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The Science Behind Vitamin B12: Are You Getting Enough?

The Science Behind Vitamin B12: Are You Getting Enough?


Vitamin B12, also known as cobalamin, is a water-soluble vitamin that is most notably known for its role in energy production. It is considered an essential nutrient (our bodies cannot produce it on its own), which is the root of why many people are deficient. It is often found in foods such as meat, fish, and dairy, but can also be found in fortified food products (1). People who follow very specific dietary patterns, such as those on vegetarian and vegan diets, are most at risk of vitamin B12 deficiency since they limit their consumption of animal products (2). Some of B12’s essential functions include DNA synthesis, red blood cell formation, neurological function, and energy metabolism (3).

In this comprehensive guide, we'll explore the functions of vitamin B12, sources of this essential nutrient, why certain groups of individuals, particularly vegans, may struggle to obtain enough B12, and what you should look for in a vitamin B12 supplement.


Essential Functions of B12

Vitamin B12 is primarily known for its role in energy production – this is the process of converting food into energy that the body can use.  B12 participates in the breakdown of both fatty acids and amino acids into forms that can be used by our cells to produce energy (4).

Vitamin B12 aids in the creation of new DNA, where B12 helps convert folate to its active form, a necessary step to produce new cells (5). Vitamin B12 is also essential for the formation of red blood cells and the synthesis of hemoglobin, the protein responsible for transporting oxygen throughout the body (6).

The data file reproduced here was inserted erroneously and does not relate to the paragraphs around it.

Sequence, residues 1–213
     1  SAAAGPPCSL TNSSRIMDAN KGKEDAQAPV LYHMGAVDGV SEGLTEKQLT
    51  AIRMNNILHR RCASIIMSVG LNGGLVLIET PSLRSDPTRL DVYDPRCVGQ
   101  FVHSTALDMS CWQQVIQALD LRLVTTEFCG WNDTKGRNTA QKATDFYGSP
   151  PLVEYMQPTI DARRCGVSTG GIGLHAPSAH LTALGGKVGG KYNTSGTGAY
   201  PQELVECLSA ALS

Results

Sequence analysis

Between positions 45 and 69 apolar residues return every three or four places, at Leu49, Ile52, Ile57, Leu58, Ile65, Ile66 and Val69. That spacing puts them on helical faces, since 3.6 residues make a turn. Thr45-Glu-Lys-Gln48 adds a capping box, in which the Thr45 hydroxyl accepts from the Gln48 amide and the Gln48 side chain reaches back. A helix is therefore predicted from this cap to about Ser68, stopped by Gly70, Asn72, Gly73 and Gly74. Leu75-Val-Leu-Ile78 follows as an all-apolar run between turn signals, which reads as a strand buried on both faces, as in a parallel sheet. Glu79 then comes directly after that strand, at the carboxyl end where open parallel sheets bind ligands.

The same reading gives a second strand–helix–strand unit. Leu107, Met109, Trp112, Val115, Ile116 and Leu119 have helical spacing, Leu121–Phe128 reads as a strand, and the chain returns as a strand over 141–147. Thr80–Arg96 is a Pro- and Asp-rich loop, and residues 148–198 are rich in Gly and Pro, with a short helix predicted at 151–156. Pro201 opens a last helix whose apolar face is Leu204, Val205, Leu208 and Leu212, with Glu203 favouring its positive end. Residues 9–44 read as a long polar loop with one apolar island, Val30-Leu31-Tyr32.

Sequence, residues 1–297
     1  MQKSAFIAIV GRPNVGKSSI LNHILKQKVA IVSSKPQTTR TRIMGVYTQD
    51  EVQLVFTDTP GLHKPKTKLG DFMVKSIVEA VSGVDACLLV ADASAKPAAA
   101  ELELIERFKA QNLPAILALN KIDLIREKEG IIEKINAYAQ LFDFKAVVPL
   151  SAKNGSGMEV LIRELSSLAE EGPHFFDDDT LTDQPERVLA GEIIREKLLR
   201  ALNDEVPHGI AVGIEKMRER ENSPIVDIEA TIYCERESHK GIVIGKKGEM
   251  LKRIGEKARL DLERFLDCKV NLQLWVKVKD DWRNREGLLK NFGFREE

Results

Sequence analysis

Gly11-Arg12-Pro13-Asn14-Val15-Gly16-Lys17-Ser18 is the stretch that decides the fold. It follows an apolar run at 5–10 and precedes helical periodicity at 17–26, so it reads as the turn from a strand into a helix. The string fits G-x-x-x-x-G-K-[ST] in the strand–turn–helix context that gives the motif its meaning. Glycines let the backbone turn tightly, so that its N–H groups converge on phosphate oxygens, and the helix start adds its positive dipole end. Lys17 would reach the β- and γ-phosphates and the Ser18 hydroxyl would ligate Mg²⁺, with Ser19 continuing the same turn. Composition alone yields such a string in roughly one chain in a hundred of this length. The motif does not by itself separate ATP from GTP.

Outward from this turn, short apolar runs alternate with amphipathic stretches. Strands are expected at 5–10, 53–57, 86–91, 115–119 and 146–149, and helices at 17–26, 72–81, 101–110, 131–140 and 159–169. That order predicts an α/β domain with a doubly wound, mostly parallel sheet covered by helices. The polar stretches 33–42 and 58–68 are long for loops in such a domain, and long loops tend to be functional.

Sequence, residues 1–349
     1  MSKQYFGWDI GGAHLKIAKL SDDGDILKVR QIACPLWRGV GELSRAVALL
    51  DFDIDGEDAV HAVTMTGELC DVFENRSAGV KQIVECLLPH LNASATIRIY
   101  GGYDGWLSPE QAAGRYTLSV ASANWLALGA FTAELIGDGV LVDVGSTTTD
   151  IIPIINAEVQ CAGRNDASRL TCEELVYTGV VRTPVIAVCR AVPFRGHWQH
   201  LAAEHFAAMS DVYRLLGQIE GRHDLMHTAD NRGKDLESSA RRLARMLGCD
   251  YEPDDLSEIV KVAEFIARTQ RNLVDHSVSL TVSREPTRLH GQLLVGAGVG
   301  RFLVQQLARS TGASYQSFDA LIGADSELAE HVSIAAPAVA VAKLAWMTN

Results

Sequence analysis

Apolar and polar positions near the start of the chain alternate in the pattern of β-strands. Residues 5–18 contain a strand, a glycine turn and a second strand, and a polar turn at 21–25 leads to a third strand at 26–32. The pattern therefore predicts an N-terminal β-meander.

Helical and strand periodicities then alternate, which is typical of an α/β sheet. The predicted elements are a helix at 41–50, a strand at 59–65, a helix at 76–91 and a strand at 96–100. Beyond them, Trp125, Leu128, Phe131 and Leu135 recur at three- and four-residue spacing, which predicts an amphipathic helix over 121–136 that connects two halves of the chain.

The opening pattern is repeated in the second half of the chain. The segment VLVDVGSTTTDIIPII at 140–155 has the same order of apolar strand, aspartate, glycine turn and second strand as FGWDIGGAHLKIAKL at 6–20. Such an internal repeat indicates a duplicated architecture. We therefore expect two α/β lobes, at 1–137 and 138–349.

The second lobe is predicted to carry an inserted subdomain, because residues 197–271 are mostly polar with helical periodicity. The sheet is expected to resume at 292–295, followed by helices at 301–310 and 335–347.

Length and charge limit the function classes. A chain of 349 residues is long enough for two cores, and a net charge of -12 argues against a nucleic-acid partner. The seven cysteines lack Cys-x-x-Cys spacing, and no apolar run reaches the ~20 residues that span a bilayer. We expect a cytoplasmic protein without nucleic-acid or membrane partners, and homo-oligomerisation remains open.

In terms of neurological function, vitamin B12 plays a crucial role in the maintenance of the myelin sheath, a protective covering that surrounds nerve fibers and is important for nerve impulses (7).

During pregnancy, vitamin B12 is an important nutrient for the proper growth and development of the baby’s brain and nervous system as well as for proper neural tube formation (8). Maintaining sufficient levels is also important for the overall health and well-being of the mother to prevent fatigue, weakness, and other symptoms of deficiency.


Where to get B12

The primary dietary sources of vitamin B12 are animal-derived foods, including meat, poultry, fish, eggs, and dairy products. These foods contain naturally occurring forms of vitamin B12 that are readily absorbed by the body. The highest concentration of vitamin B12 can be found in organ meats and shellfish.

For individuals following vegetarian or vegan diets, obtaining adequate vitamin B12 can be challenging, as plant foods do not contain significant amounts of this nutrient. In such cases, fortified foods and supplements are essential for meeting vitamin B12 requirements. Fortified foods, such as plant-based milk, breakfast cereals, meat substitutes, and nutritional yeast, can provide reliable sources of vitamin B12 for those with dietary restrictions (9). In addition, supplementing with an all-in-one complete vegan multivitamin such as the plant-based essentials is a good source of vitamin B12 for vegans.


Recommended Daily Intake